On OS X 10.8, you are unable to double-click to open apps that didn’t come from a verified source or from the
Mac App Store. To get around this simply right-click the icon, select Open, and hit the “OK” button.

First boot

Connect your monitor, keyboard, Ethernet cable,
Xbox 360 controller, and SD card to the Raspberry Pi. Once all of these are plugged in, you can now connect the Micro-USB cable, at which point the Raspberry Pi will automatically turn on.


(Credit:
Dan Graziano/CNET)

The device will boot into the Emulation Station (the Retro Pie’s main interface). Before configuring your controller, we must change a few settings. Press the “F4″ key to exit the Emulation Station and enter the command line.


(Credit:
Dan Graziano/CNET)

After installing Retro Pie with the SD card image, the card must be expanded to ensure that you can access all available space. Once exiting the Emulation Station, type “sudo raspi-config” in the command line, choose to expand the filesystem, and hit Ok. Then scroll down and select the fourth option to set up language and regional settings. Choose your location, time zone, and keyboard layout — it’s set to U.K. by default. Once complete, scroll down to Finish and perform a system reboot.


(Credit:
Dan Graziano/CNET)

Make sure to press the spacebar (not the Enter key) to deselect the U.K. keyboard layout and select U.S., then hit Ok to use the location as your default.

Configure the Xbox Controller

After the system powers back on, once again exit the Emulation Station by pressing the “F4″ key. In the command line, type “sudo apt-get install xboxdrv” and hit Enter to download and install the driver for the Xbox 360 controller. Once the driver has installed, type “sudo nano /etc/rc.local” in the command line and hit Enter. Tap the down arrow until your cursor is between the “fi” and “exit 0″ lines.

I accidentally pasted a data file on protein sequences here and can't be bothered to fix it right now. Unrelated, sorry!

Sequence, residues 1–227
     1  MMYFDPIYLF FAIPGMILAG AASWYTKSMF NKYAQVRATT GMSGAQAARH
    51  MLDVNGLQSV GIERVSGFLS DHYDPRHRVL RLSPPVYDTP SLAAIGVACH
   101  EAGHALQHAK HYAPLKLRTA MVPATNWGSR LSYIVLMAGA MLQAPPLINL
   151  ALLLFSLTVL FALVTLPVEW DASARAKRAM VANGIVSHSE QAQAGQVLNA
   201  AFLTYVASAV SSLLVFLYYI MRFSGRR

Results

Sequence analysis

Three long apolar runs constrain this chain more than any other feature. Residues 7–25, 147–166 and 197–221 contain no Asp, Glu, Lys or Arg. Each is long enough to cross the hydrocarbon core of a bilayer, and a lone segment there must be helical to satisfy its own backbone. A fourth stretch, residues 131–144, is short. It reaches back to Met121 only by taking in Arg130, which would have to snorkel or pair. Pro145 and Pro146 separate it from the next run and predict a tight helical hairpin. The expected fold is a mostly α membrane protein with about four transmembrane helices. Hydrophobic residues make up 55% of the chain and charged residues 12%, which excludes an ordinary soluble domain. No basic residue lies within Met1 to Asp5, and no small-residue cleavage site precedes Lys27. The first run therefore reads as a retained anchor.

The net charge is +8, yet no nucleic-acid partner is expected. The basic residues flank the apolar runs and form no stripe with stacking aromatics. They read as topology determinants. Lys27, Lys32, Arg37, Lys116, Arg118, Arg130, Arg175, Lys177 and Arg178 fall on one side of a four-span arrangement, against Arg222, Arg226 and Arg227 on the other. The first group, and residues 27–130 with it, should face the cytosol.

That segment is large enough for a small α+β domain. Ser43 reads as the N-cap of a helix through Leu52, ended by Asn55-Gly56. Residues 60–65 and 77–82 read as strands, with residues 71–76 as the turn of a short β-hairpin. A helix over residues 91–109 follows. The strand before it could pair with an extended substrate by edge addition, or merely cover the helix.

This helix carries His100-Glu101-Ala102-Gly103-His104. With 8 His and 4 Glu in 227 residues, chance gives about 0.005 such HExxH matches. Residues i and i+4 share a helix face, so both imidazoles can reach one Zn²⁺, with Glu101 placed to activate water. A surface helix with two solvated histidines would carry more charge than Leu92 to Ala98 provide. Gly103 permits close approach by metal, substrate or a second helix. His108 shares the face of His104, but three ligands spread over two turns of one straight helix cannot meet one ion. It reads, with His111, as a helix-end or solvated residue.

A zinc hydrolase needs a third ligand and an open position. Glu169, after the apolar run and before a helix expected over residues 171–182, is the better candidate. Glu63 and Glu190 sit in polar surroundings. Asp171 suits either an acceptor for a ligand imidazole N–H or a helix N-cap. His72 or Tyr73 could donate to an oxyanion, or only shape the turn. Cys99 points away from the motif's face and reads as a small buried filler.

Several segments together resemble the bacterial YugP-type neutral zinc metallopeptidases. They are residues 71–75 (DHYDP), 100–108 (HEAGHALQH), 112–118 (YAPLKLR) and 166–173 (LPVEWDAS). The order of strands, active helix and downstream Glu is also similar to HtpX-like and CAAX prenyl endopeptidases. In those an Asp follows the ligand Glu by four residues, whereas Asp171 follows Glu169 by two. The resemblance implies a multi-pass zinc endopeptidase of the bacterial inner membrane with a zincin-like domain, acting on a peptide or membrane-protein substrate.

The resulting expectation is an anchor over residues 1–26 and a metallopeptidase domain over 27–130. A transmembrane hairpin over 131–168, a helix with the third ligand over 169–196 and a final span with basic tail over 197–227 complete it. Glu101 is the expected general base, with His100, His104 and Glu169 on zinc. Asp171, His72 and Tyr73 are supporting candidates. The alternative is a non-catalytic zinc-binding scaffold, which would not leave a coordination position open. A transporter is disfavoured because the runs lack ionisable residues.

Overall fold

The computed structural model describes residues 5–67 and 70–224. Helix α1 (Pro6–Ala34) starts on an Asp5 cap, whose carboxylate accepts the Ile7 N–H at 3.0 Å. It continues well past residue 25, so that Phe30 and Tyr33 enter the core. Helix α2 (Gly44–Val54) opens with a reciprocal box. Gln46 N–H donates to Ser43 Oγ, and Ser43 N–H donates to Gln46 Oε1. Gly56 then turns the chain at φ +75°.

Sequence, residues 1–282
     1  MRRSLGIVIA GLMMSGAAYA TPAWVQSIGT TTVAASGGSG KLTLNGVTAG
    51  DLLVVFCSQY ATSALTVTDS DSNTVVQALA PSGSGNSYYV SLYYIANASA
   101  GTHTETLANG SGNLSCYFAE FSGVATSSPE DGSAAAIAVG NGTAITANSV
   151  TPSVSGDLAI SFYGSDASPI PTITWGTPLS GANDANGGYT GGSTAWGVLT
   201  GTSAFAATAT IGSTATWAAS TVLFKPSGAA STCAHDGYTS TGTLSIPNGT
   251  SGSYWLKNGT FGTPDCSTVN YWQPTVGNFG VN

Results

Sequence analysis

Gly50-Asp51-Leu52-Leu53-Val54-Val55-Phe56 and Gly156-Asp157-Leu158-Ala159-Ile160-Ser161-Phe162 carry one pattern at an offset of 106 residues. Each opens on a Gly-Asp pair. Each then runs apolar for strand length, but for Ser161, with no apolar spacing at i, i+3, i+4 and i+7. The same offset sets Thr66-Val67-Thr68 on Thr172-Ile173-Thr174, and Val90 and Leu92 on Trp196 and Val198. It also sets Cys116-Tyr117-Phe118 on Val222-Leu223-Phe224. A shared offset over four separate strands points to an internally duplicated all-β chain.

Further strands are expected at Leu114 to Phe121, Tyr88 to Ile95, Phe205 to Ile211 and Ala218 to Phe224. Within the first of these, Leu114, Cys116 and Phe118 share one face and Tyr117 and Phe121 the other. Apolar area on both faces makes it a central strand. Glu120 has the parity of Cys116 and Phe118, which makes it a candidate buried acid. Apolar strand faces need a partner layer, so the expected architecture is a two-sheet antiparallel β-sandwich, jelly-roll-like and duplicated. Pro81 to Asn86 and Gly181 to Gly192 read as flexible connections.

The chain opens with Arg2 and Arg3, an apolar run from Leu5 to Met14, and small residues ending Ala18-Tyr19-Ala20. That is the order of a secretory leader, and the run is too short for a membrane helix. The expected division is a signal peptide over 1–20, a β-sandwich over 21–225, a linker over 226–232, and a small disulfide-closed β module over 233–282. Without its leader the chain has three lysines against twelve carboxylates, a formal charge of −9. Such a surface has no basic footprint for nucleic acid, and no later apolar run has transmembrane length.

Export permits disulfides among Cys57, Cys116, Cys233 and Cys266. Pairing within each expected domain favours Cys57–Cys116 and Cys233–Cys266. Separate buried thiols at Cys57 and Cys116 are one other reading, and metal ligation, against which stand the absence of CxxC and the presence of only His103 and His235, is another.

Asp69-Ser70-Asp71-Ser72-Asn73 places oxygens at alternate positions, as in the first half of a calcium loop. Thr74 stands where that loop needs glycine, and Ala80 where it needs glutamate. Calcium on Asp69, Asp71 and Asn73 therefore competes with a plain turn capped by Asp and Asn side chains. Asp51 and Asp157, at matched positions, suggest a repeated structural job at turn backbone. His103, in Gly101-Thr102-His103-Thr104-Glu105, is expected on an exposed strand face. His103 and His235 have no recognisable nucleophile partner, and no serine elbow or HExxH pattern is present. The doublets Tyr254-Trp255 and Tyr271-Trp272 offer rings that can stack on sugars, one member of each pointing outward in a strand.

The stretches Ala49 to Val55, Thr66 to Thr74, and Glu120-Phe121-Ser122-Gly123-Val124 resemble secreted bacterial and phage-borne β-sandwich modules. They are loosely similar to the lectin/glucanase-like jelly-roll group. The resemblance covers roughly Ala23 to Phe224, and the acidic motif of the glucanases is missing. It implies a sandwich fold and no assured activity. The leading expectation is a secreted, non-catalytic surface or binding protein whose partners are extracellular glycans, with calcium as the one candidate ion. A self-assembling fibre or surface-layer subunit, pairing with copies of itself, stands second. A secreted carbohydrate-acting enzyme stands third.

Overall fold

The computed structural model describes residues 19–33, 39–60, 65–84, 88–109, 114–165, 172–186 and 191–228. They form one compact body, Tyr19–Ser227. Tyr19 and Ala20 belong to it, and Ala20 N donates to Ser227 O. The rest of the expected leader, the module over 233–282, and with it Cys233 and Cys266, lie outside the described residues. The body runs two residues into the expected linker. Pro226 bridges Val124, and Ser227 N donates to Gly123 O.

In between those two lines, type “xboxdrv –trigger-as-button –id 0 –led 2 –deadzone 4000 –silent sleep 1″. If you are going to use more than one controller, enter “xboxdrv –trigger-as-button –id 1 –led 3 –deadzone 4000 –silent sleep 1″ directly under the first command. If the Xbox 360 controller is wireless, replace “id” with “wid” in the command line.

Don’t forget to save the selection. This can be done by pressing the “CTRL” and “X” key and pressing “Y” to confirm. Then, press Enter to return to the command line and type “sudo reboot” to restart the device.


(Credit:
Dan Graziano/CNET)

When the system comes back online you will be asked to configure the controller in the Emulation Station, simply follow the onscreen directions to do so.

Exit the Emulation Station one last time by pressing the “F4″ key, type “cd RetroPie/emulators/RetroArch/installdir/bin” in the command line, and press Enter. Then, type “./retroarch-joyconfig ~/RetroPie/configs/all/retroarch.cfg” in the command line and follow the onscreen directions for configuring your controller. Once complete, perform a system reboot with the command “sudo reboot”.

If the “~” key is giving you a different symbol, try pressing the “shift” and “” key at the same time.

Transferring ROMS

The Retro Pie supports ROMs, which are essentially a digital copy of a game, for the Atari 2600, Game Boy Advance, Game Boy Color, Game Gear, MAME, NeoGeo, Sega Master System, Sega Megadrive, Nintendo, Super Nintendo, and
PlayStation, among a few other systems.

(Credit:
Screenshot by Dan Graziano/CNET)